Note: Please note if you join Craft Gin Club using the links in this post, you will receive money off your first box and I will receive money off a future box via the referral link.
I’m going to be straight with you. I was considering cancelling my [affiliate] Craft Gin Club subscription this month, mostly because the pictures teasing this month’s gin featured coconuts and mangoes and tropical fruits and I was really worried it was going to be a fruity/flavoured gin which is just not my thing. But I decided to give it a chance and make a decision after this box. Boy am I glad I didn’t cancel. This month’s gin is Stranger & Sons hailing from India – this was actually part of the 2019 Ginvent calendar and you can read a fairly in depth review of it here. Whilst a part of me it is sad that it is a gin I’ve already tried, I’m excited to have more than 30ml of it to play with. Continue reading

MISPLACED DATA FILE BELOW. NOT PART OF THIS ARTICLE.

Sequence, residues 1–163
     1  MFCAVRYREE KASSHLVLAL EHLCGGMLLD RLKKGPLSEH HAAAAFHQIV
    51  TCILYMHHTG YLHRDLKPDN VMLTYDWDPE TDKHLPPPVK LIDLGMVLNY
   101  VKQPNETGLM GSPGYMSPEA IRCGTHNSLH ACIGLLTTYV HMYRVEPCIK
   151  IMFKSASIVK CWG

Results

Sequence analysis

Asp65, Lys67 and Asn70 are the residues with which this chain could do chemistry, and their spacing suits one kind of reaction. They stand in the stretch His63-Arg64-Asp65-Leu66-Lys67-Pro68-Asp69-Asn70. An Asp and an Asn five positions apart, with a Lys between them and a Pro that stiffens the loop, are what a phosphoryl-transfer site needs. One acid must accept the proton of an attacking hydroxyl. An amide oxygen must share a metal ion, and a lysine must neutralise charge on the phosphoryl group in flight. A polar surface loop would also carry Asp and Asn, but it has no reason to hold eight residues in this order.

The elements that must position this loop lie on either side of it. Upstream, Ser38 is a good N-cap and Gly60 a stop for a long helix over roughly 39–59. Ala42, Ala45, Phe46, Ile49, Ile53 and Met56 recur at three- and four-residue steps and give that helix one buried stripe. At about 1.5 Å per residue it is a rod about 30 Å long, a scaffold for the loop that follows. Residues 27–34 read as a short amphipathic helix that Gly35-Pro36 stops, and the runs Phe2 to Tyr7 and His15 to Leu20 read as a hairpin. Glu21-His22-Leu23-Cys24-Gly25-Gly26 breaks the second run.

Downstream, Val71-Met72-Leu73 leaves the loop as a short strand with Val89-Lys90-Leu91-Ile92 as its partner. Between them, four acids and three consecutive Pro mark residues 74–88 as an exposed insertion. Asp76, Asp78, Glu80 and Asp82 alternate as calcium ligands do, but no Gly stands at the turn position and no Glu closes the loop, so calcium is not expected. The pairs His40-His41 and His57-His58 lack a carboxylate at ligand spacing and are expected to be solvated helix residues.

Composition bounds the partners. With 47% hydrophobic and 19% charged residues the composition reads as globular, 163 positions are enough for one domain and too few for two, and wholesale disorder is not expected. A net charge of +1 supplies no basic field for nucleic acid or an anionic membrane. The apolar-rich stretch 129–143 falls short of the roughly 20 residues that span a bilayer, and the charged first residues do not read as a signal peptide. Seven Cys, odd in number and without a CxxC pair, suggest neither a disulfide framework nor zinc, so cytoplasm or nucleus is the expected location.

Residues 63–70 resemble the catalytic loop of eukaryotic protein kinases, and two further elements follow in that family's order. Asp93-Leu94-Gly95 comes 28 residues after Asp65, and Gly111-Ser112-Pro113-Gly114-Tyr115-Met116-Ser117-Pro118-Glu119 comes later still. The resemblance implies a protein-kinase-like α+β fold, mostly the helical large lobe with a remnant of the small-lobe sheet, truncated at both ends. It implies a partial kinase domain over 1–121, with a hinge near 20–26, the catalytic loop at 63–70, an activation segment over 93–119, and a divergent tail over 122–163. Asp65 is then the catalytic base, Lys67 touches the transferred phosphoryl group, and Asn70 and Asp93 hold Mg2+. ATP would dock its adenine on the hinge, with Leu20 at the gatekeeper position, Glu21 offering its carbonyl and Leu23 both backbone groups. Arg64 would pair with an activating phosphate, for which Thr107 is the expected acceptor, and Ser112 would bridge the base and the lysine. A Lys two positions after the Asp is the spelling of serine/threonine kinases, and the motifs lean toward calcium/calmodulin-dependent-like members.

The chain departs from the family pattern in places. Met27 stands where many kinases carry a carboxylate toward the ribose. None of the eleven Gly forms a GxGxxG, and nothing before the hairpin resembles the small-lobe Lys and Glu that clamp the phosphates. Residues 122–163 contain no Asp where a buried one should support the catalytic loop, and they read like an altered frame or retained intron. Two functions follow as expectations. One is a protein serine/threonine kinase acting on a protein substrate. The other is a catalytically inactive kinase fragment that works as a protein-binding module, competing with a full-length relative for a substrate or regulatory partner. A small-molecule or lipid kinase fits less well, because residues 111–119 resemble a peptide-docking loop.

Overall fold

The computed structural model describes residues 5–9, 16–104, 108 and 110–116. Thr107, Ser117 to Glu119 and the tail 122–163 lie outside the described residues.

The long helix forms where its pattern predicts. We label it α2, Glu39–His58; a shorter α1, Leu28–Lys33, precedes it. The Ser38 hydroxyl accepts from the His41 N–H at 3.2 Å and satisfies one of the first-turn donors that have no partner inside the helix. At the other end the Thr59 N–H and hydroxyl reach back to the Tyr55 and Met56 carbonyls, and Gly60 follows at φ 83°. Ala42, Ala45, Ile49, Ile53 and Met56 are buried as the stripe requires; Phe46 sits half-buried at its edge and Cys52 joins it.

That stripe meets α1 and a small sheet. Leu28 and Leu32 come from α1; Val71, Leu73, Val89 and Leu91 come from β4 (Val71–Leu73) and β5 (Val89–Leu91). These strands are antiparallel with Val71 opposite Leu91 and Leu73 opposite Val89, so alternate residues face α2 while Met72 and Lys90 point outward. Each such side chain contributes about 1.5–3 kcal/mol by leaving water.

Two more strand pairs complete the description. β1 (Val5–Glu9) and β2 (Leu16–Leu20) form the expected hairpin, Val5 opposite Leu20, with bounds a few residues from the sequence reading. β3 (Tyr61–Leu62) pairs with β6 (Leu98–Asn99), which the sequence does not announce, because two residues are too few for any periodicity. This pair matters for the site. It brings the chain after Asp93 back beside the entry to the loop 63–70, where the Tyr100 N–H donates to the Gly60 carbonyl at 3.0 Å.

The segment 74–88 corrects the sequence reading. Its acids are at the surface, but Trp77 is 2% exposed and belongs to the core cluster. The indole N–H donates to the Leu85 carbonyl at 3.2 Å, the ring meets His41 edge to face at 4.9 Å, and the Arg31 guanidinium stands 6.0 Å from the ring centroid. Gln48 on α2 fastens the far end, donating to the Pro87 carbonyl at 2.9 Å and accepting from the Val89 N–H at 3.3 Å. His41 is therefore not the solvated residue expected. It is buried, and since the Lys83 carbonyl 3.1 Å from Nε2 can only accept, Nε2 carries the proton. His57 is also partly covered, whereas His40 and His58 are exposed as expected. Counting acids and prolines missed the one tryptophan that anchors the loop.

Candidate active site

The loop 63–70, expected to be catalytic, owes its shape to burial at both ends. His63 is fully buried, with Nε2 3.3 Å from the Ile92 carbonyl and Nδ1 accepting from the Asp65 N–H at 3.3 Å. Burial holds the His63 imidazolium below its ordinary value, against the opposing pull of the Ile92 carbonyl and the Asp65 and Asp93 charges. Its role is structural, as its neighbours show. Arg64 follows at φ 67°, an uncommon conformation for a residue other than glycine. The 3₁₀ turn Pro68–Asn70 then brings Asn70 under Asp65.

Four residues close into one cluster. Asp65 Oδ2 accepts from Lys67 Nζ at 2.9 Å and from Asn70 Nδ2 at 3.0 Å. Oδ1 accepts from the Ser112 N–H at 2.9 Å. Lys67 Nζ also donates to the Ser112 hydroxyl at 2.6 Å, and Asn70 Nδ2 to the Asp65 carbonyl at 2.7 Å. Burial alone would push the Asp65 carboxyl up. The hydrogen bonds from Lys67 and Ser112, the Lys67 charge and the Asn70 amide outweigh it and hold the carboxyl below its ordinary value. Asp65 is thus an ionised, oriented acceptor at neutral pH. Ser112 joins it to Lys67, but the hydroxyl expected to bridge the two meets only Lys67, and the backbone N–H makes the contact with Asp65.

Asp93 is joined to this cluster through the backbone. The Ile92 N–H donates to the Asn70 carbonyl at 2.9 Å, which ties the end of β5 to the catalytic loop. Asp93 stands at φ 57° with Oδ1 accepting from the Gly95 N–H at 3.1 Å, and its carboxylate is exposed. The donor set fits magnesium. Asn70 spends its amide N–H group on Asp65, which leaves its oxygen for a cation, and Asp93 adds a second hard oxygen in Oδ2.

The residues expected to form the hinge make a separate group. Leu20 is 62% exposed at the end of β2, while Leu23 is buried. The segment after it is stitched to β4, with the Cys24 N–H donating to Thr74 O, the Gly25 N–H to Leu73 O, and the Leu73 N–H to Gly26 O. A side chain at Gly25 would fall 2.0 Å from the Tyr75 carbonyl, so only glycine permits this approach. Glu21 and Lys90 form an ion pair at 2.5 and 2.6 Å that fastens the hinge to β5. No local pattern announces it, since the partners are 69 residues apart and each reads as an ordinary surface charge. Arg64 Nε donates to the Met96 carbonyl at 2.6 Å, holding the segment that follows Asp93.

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If you think of gin, you probably don’t automatically think of India as a place of provenance. For me, last year was the year of Australian gin, 2019 seems to be the year of Indian gin. Amongst the new producers coming to market are Stranger and Sons. Hailing from the mountainous region of the Western Ghats in Goa, the three founders were inspired to make a gin after so many gins they had tried said they were inspired by India, yet were made nowhere nearby. So they decided to make their own. Their aim was to create a gin that was an instant classic with tonic, but also robust enough for bold cocktails like martinis and negronis. As well as growing their own pepper, coriander and lemons, they also use Indian bergamot, nutmeg, cassia and mace alongside the juniper to create a full flavour. They have an eye on sustainability, local women help them peel their citrus fruits, and in return take the flesh home to make their own jams and pickles that are sold in the markets. They also invested in a recycling tank which massively reduces their water usage – something that you usually need a LOT of in gin production – as well as being 100% plastic free, organic, fair trade, and installing solar panels to power their stills. So, with all that effort put into making the gin, how does it taste?